Just when you thought the Spiderman franchise might have finally run its course of endless reboots comes SPIDER-MAN: INTO THE SPIDER-VERSE, a film that that reinvigorates both animation and the super-hero origin story. Told in a wry, raucous style, it dares to explore complicated themes of family ties and personal responsibility while slyly poking fun at its own conceit. The writing crackles. The plot surprises, delights, and unexpectedly moves us while gifting us with not one, not two, but several playfully imaginative variations on the Spider-person theme. We also receive confirmation about the integral part that baby powder plays in helping at least one Spidey best the bad guys.
The latest incarnation of Spider-Man, though he doesn’t know it yet, is Miles Morales (Shameik Moore). He’s soon to be dealing with some of Spider-Man’s greatest villains, but for now he’s coping with a new school, one that caters to his IQ, but one that takes him away from friends at his old neighborhood middle school, and away from his family during the week. It’s put him at odds with his cop father, with the curious name of Jefferson Davis (Brian Tyree Henry), who wants to give his son every advantage while discouraging him from his penchant for artistic expression. That his father also despises the current Spiderman’s vigilante tactics is yet another wedge between father and sone\. Not that the new school doesn’t offer at least one perk in the form of Gwen (Hailee Steinfeld), the cute blonde classmate who laughs at his joke about the relativity of time. He also has his Uncle Aaron (Mahershala Ali), who encourages his love of tagging and shrugs off the disapproval of Milo’s father about his life choices.
It isn’t long before the fabled radioactive spider makes its appearance, bites Milo, and puts him through physiological changes that make puberty look like a walk in a flowery meadow by comparison. Because this is a fantasy flick, Milo then meets up with Peter Parker (Chris Pine) in his Spider-Man persona, and is able to get a few words of advice before the unthinkable happens and Parker meets his maker at the hands of Kingpin (Liev Schreiber), a villain who has raised hunched shoulders to new heights. Kingpin is also planning to rupture the time-space continuum for reasons that make the possibility of a black hole opening under Brooklyn a minor consideration. What the semi-mad scientist (Kathryn Hahn) never considered when constructing this device was the possibility of crossovers from other universes, specifically, a slew of Spider-Persons with similar origin stories, but very different lives, from Spider-Ham (John Mulaney), a porcine refugee from a more traditional cartoon dimension; to Peni Parker (Kimiko Glen) an animé Japanese schoolgirl who forms a symbiot with her faithful robot; Spider-Gwen (Steinfeld), a dancer turned crime fighter in hoodie and toe shoes; Spider-Man Noir (Nicolas Cage), and a fedora-ed black-and-white character from 1933 whose trench coat always blows in a breeze, and whose struggles include those of moral ambiguity as well as thugs out to kill him. Of course, the Peter B. Parker (Jake Johnson) from our corner of the multiverse, where packages are not delivered by RedEx, and Comic Con is a treasured cultural expression also appears. This Peter Parker, though, has issues. Lots of issues. And overcoming them, like Milo sorting out his own issues with his father, are as much the fabric of what happens as quips, action, and the bittersweet cameo by Stan Lee.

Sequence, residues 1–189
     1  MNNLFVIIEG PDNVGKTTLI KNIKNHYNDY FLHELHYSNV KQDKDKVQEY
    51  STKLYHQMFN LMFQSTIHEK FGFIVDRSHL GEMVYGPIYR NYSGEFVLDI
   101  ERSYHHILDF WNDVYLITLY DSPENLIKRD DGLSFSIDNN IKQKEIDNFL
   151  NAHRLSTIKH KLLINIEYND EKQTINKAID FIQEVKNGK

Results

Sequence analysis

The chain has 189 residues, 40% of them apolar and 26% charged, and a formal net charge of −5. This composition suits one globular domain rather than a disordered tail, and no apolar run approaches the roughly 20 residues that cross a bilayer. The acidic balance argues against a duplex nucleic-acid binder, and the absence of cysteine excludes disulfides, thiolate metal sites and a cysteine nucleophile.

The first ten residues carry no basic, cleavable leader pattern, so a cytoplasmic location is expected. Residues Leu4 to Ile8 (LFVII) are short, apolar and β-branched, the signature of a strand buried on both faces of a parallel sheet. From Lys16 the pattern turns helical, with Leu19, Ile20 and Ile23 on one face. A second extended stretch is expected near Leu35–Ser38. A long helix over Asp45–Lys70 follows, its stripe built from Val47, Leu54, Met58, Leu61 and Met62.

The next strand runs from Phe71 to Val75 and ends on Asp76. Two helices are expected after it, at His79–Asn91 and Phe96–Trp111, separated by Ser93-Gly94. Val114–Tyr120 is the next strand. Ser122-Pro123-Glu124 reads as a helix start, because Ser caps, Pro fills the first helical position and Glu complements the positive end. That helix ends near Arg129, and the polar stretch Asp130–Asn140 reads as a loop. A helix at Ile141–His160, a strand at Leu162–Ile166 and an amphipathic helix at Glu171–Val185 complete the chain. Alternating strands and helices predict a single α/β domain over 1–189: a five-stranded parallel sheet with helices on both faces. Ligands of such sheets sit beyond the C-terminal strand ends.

Character is key, with even Aunt May (Lily Tomlin) carving out a distinct, irascibley home-spun personality that is more than just offering milk and cookies to the sudden troupe of Spider people. The storytelling makes a conversation between father and son through a closed door as fraught with emotion and suspense as the sequence that finds Parker and Milo swinging through a forest to escape Doc Oc. This is an origin story that is a metaphor for taking the leap of faith away from the safety of the childhood (or in Peter B. Parker’s case, arrested development), and embracing the adventure of adulthood and all its attendant uncertainty.
The animation that brings it to life is the cinematic equivalent of reading a graphic novel, from reproducing the faint pointillism found in the way dye takes to pulp, to the dialogue boxes, split screens, and the visualization (finally) of the Spidey Sense. Never static, but always keenly aware of its inspiration, it is a synthesis that is never precious, never self-conscious, and always an aesthetic pleasure that builds to the trippy psychedelics of multiverses crashing in on one another. Plus, the best radioactive spider ever. Glowy in all the right places, and simultaneously grotesque and beautiful with its spiky legs and bulbous eyes.
SPIDER-MAN: INTO THE SPIDER-VERSE will enchant kids and captivate adults. You don’t even have to be a Spider-Man fan to fall under its spell, though you might do just that after seeing this gem. N.B. Stay through the credits, there’s a reward.